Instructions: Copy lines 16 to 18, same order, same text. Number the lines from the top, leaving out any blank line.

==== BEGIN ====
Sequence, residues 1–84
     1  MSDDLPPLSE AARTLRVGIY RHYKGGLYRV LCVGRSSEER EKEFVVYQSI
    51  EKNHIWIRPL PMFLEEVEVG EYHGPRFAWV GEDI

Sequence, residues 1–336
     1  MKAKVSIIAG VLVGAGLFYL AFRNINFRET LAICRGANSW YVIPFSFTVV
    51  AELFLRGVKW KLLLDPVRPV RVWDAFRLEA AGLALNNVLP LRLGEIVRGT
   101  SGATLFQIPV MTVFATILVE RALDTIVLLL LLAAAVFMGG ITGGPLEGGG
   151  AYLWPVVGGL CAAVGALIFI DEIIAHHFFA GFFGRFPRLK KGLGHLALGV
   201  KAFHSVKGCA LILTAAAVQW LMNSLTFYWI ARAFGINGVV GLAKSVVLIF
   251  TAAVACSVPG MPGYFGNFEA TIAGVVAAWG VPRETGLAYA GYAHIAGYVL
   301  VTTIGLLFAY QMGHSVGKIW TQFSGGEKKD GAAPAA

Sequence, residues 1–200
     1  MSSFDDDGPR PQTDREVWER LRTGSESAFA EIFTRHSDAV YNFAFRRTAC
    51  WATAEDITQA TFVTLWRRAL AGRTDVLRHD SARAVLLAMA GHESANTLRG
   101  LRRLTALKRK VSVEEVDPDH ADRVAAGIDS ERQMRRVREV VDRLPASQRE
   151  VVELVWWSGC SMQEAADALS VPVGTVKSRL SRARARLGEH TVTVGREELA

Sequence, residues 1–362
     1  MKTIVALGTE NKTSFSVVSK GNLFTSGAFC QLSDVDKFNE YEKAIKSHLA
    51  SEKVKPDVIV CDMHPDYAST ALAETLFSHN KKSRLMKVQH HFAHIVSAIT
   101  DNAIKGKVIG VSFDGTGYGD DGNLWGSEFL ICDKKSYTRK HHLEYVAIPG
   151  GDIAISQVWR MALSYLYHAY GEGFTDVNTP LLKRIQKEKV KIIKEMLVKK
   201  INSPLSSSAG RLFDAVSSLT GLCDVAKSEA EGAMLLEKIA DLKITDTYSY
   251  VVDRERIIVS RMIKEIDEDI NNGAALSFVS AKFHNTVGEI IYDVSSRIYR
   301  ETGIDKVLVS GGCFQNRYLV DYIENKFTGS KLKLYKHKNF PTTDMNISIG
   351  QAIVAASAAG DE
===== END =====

   151  VVELVWWSGC SMQEAADALS VPVGTVKSRL SRARARLGEH TVTVGREELA

Sequence, residues 1–362
     1  MKTIVALGTE NKTSFSVVSK GNLFTSGAFC QLSDVDKFNE YEKAIKSHLA